Another key element to OA is that it relies on the internet. While I could speak to the strangeness of claiming something freely available on the web counts as ‘open access’ when digital divides exist, I’m more concerned about how existing in a networked environment significantly challenges the construction of a ‘public’. Looking at a social network like Twitter, where people are not always using their ~real~ names, how do we coherently say “these are academics” and “this is the public”. When you look at the hashtag #canihazpdf (or #canhazpdf) a lot of the people needing access to research are… academics. Or professional researchers of some kind. Is this the public that OA is hoping to reach?
Part of what I’m getting at here is that the OA focus on making stuff available to the ~public~ appears to be… simple rhetoric for the real problem, which is that libraries can’t actually afford to buy stuff for their research communities any more. This is where my comments about libraries seizing the means of academic production come into play. The real problem is that academic research is a luxury good. Why is it a luxury good? Because the academy is all about elitism. Literally almost everything about how it functions is about supporting this elitism.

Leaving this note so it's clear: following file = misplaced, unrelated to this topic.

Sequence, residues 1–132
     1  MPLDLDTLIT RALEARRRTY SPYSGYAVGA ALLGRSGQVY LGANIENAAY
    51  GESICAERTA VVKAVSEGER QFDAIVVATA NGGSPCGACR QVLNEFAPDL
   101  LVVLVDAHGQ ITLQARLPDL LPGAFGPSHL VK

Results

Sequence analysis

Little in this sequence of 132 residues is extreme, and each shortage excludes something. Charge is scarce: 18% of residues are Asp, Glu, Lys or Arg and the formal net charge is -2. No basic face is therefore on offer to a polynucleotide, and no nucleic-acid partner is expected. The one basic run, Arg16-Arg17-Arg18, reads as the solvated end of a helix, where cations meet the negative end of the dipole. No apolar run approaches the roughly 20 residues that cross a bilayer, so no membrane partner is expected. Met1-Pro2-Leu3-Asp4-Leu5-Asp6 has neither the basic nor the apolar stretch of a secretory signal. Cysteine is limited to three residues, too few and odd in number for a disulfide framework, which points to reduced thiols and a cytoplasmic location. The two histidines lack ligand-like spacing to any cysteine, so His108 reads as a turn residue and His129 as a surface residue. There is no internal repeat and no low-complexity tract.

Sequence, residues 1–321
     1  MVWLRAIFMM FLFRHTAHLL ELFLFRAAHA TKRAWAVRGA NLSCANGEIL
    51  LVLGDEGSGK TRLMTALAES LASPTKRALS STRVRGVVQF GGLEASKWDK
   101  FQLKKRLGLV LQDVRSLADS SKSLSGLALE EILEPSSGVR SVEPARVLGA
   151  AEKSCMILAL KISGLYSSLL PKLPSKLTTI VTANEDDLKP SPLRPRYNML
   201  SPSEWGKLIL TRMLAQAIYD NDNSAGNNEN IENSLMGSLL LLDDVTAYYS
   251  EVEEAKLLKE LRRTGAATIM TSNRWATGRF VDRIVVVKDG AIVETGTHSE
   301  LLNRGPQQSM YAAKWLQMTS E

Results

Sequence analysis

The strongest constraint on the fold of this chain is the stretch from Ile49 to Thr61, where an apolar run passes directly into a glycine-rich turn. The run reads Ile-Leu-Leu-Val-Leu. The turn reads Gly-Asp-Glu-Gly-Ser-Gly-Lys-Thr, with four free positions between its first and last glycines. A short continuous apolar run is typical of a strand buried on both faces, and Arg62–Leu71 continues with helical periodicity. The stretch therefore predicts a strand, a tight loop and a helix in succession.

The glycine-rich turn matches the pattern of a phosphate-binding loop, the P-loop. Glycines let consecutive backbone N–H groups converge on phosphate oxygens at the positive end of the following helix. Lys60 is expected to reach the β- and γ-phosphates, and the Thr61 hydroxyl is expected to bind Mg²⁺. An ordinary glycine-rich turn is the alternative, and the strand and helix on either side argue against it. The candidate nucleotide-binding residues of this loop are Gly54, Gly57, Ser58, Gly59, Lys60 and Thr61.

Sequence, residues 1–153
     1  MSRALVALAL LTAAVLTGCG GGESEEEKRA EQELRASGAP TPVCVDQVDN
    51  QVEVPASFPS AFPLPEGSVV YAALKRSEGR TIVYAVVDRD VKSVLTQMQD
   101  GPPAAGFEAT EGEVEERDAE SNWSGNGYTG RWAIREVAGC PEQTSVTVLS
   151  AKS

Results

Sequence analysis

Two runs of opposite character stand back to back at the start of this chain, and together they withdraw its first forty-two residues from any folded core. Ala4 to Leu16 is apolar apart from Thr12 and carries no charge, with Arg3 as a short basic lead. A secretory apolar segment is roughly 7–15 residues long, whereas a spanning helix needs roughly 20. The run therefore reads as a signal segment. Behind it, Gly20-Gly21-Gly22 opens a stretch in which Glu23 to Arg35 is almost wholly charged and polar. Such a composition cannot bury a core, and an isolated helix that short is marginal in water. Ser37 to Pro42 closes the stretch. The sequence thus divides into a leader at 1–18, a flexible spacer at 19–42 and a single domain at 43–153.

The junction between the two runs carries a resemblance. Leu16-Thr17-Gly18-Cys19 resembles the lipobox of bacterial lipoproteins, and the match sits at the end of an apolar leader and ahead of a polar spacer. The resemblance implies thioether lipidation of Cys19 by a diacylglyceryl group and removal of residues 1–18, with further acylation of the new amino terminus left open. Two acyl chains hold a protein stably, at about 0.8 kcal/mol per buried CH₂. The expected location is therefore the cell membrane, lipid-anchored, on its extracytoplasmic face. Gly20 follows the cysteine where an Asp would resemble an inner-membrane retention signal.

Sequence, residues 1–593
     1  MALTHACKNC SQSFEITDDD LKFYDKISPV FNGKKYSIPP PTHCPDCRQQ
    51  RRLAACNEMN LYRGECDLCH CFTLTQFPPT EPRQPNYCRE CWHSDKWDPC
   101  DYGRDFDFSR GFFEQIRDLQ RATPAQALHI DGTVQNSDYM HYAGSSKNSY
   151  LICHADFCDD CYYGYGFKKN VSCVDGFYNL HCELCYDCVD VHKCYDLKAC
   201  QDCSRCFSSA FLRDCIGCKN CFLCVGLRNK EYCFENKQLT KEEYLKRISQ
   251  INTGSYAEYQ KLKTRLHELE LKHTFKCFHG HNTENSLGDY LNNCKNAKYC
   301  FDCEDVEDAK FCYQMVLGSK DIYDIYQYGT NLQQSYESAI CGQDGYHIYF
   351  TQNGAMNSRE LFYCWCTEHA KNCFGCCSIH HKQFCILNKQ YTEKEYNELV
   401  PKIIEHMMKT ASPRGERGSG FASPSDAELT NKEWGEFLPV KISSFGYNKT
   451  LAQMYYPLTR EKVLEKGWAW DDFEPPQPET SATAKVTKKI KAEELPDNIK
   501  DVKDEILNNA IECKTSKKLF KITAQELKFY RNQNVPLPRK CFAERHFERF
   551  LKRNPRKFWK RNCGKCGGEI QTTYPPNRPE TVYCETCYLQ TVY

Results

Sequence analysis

This is the rock.
Now for the hard place, the rise of neoliberalism in higher ed. Many have noted how this is a serious and sincere problem for the academy. Unfortunately, as I heard during my brief listen of the opening DLF keynote today, many point to a fictitious ‘golden’ age of higher ed. The speaker, Bethany Nowviskie, pointed out things like the New Deal or the Veterans Act (can’t remember real name), which helped break down some of the class barriers to higher ed in the US.
In looking backwards like this with nostalgia glasses on (and I see this all the time, especially amongst people decrying the apparent dying of the humanities) certain historical realities are erased in an effort to make this significantly more elitist academy appear a better option than the new, neoliberal one of today.